This one is for testers who use NVDA, a free screenreader, to test online content for any access issues.
Why I created this resource
This list should not be taken as a stab against tools and tool vendors. I’ve said numerous times that we should do automatic testing first. When done properly, automatic testing offers a degree of efficiency that cannot be matched by other methods. However, that doesn’t mean that we should leave our compliance up to automated testing. As the tables above show, there are 9 WCAG Success Criterion (in Level A and AA) that cannot be tested for in any meaningful manner using a tool. There are another 13 that can be tested for automatically but require a human to verify. Full compliance and risk mitigation always requires the involvement of a skilled professional reviewer, even when you have a tool as well.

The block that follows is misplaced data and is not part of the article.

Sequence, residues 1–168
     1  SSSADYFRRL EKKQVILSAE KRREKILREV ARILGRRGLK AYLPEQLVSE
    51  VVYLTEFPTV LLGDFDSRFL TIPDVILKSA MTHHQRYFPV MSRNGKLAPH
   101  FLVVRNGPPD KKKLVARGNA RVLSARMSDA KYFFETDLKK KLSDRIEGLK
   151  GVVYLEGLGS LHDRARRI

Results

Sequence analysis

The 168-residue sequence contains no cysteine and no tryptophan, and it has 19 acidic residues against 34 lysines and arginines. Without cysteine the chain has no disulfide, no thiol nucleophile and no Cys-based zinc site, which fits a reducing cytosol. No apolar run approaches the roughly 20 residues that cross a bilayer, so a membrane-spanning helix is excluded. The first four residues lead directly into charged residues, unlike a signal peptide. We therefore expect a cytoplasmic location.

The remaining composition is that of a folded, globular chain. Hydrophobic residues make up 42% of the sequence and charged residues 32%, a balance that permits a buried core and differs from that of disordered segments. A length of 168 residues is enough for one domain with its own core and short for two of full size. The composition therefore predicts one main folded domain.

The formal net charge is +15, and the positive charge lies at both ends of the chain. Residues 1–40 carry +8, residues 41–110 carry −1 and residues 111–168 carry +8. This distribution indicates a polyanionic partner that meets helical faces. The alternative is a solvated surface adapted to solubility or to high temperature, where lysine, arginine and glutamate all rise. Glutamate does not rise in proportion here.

It is important to evaluate the accessibility of web content with a screen reader, but screen readers can be very complicated programs for the occasional user, so many people avoid them. This doesn't need to be the case. While screen readers are complicated, it is possible to test web content for accessibility without being a "power user."
There is some controversy about the idea of sighted web designers and developers using screenreading software to test web sites for accessibility. Some people suggest one must use a screenreader to test their sites. Others believe it is counter productive. I think that very few sighted people can get the correct results by using screenreaders to test a website. I further think that too many people think that the accessibility testing is complete once they’ve used a screenreader on their website.